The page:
Eastern grass owls found nesting in Cotabato town
COTABATO CITY, Maguindanao del Norte, Philippines — Environment officials have allowed a farmer in a small village in Cotabato province to take care of two juvenile female eastern grass owls (Tyto longimembris) found in his farm lot in Makilala town.
Afredo Bas, a farmer in the town’s Barangay Luna Norte, found the owls on March 20, nesting in a cluster of Arrowhead plant (Syngonium podophyllum) on his property and immediately sought the help of village officials and the Department of Environment and Natural Resources (DENR) personnel on how to handle them.
Bas said he wanted to bring the owls to the Provincial Environment and Natural Resources Office (Penro) here but he was worried he might get arrested for transporting endangered wildlife.
It was Barangay Luna Norte Chair Alfredo Barnadas who later informed the Penro about the find before he checked on the birds.
Khadija Bayam Benpolok, head of the regional strategic communication and initiatives group of DENR in Soccsksargen, said they found the owls to be healthy and did not want to move them to the DENR wildlife rescue center to avoid stressing the animals.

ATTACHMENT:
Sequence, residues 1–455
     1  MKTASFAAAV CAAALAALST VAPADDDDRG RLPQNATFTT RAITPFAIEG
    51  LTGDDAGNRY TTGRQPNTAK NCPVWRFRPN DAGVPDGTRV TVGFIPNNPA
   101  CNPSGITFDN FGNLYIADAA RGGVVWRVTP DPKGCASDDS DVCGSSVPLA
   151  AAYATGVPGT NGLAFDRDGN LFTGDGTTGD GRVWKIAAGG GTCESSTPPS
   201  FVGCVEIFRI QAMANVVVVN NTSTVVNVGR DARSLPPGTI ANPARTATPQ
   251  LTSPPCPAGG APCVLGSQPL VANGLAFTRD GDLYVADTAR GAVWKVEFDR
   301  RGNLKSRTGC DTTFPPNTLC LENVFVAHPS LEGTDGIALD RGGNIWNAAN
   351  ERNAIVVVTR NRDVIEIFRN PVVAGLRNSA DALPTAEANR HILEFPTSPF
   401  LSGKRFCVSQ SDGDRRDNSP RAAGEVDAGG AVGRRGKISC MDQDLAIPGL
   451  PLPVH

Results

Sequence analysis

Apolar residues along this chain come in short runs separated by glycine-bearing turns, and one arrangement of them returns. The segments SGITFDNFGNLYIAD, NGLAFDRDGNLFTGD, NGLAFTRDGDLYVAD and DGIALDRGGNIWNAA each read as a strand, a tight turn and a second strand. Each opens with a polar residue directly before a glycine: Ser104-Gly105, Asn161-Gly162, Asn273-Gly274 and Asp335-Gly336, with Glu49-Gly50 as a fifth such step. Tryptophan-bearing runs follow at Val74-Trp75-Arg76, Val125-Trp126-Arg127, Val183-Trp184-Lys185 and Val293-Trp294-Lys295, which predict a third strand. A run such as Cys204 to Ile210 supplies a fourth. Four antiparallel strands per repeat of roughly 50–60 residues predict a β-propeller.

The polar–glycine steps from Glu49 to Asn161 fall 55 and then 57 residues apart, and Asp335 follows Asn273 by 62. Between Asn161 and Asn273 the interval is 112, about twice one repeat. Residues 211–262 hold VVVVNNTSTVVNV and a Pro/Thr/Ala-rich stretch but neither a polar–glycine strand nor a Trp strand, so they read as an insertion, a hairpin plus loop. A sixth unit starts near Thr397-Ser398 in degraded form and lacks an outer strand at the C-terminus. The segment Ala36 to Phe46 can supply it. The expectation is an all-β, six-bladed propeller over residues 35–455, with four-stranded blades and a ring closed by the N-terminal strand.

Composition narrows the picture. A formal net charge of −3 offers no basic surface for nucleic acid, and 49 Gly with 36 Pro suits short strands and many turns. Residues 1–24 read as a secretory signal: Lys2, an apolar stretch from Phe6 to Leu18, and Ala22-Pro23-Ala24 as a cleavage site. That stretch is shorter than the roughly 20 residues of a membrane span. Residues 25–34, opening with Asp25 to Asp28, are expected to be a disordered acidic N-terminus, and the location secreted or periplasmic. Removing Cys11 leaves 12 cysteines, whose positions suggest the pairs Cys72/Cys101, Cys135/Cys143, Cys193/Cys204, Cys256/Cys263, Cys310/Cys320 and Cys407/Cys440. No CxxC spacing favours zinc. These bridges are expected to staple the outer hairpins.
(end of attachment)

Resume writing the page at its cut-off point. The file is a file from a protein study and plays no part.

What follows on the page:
“The physiological features of the owlets are generally in good condition and in a safe environment,” he added.
As long as the site was secured and properly identified as a nesting site of the birds, the owls could stay within the area, Benpolok said.
To protect the owls, the farm owner and village officials fenced off the site and put up a tarpaulin identifying the area as nesting site of the owls.
The Eastern grass owl is not considered to be an endangered or vulnerable species, but their number is believed to be declining, according to Birdlife International, a global group of nongovernmental organizations involved in the conservation of birds and their habitats.
The grass owl’s most common prey are farm rats; hence, they usually thrive in rodent-infested farms. The owl uses its long legs to penetrate the thick grass where their prey usually hide. Owls are nocturnal animals; hence, they sleep during the day and hunt food at night, the DENR said.
Village officials and local residents also helped Penro personnel in installing the bamboo fence to secure the nesting site.
Barnadas said residents of Barangay Luna Norte expressed their commitment to protecting the Eastern grass owl and other wildlife in the area.
Lawyer Felix Alicer, the region’s DENR director, said he was glad that the public in the Soccsksargen region had been helping the DENR in wildlife protection.
On March 22, DENR personnel freed three critically endangered Mindanao hanging parrots, commonly known as “colasisi,” in the town’s Barangay Spring that were surrendered by a villager.
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